Proximal Junctional Kyphosis ICD-10, Definition, Symptoms, Causes, Treatment

Proximal Junctional Kyphosis (PJK) is a disease that can develop after spinal surgery, particularly after spinal fusion. It refers to the abnormal curvature of the spine at the point where the fused vertebrae meet the non-fused vertebrae. For those who experience PJK, it can lower overall quality of life by causing discomfort, pain, and functional limits. 

Proximal Junctional Kyphosis is caused by the stress imposed on the vertebrae adjacent to a spinal fusion. The fusion limits motion at the fused segment, increasing the load on the nearby vertebrae. The vertebrae may start to shift out of place with time as a result of this increased stress, giving the spine an unnatural curve.


    Proximal Junctional Kyphosis symptoms can differ from person to person. Typical clinical manifestations include:

    • Progressive upper back pain
    • Stiffness and restricted mobility
    • Increased thoracic kyphosis (hunchback look)
    • neurological signs (in serious circumstances)
    • Difficulty keeping a balanced position

    Patients who have undergone spinal fusion surgery should be vigilant for these symptoms and seek medical attention if they experience any concerning signs related to Proximal Junctional Kyphosis.

    Proximal Junctional Kyphosis ICD-10, Definition, Symptoms, Causes, Treatment


    The onset of Proximal Junctional Kyphosis is influenced by a number of variables. A few of these include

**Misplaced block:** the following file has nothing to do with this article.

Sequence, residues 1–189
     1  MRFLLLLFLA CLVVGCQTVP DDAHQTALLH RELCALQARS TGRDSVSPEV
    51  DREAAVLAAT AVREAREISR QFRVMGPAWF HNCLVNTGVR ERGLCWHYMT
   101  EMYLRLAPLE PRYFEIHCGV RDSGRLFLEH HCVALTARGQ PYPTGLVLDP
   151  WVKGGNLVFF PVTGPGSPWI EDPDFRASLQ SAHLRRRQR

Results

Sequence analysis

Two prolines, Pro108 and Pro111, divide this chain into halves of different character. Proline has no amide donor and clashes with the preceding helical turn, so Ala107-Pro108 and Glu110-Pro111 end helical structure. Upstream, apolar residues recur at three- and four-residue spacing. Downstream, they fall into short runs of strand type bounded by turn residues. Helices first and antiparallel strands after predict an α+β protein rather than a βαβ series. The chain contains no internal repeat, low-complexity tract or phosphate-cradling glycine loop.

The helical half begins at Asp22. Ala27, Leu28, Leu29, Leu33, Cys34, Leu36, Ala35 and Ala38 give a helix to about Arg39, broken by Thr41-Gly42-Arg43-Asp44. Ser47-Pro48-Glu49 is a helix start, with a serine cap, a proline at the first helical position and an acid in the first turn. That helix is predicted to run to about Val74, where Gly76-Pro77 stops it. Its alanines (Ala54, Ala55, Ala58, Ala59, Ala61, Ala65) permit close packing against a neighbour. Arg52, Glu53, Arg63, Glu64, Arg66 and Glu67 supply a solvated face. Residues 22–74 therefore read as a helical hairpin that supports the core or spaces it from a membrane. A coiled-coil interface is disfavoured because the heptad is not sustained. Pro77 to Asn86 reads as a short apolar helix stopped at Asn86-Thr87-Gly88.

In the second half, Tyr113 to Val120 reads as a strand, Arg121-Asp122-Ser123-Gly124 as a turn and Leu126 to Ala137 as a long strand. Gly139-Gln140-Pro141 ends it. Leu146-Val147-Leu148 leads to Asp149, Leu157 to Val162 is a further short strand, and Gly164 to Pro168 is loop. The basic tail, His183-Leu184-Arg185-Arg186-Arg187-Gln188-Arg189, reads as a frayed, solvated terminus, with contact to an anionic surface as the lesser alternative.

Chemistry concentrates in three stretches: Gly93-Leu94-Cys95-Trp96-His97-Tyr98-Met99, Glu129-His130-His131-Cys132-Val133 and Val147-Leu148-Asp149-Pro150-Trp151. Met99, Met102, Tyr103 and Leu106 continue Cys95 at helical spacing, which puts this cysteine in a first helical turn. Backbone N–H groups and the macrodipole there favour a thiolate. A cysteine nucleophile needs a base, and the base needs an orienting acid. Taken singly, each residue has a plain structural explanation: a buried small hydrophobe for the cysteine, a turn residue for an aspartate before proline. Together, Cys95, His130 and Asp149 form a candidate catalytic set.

• Surgical technique and instrumentation used in spinal fusion surgery
    • Low bone density and low bone integrity
    • Misalignment of the spine and biomechanics
    • Pre-existing sagittal imbalance
    • Degenerative spinal alterations brought on by aging

    It is crucial to highlight that not all people who have spinal fusion surgery acquire Proximal Junctional Kyphosis. Understanding the risk factors, on the other hand, can aid in identifying those who are predisposed to this condition.


    Healthcare practitioners use a variety of diagnostic techniques to identify proximal junctional kyphosis, such as:

    • Comprehensive medical history and physical examination
    • CT scans, MRIs, and other imaging procedures
    • Kyphotic angle and sagittal balancing parameters measurement
    • Neurological evaluation to determine any related nerve impingement or dysfunction

    These tests assist in verifying the diagnosis, assessing the condition's severity, and identifying the best course of treatment.

    Treatment Options

    Proximal Junctional Kyphosis can be treated non-surgically or surgically, depending on the severity and specific patient variables.

    Non-surgical approaches

    1. Options for non-surgical treatment might include:
    2. Activity modification and rest
    3. Strengthening and flexibility exercises using physical therapy
    4. Strategies for reducing pain, such as drugs or injections
    5. Using a spinal brace or other orthotic devices to support your spine

    Surgical interventions

    When non-surgical treatments are ineffective at symptom relief or when the condition is severe, surgical intervention may be required. Surgical options for Proximal Junctional Kyphosis include:

    1. Revision surgery to improve spinal alignment and stabilize the damaged segment
    2. Extending the instrumented fusion to cover additional vertebrae
    3. Osteotomy, a surgery in which bone is cut out or reshaped to enhance alignment
    4. Employing cutting-edge techniques like pedicle subtraction osteotomy or resecting the spinal column


    M40.294 is the ICD-10 code for thoracic kyphosis. However, this code may not be specific to PJK and may not be enough for reimbursement.

    Other ICD-10 codes for kyphosis include:

    M40.00 – Postural kyphosis, site unspecified

    M40.03 – Postural kyphosis, cervicothoracic region

    M40.04 – Postural kyphosis, thoracic region

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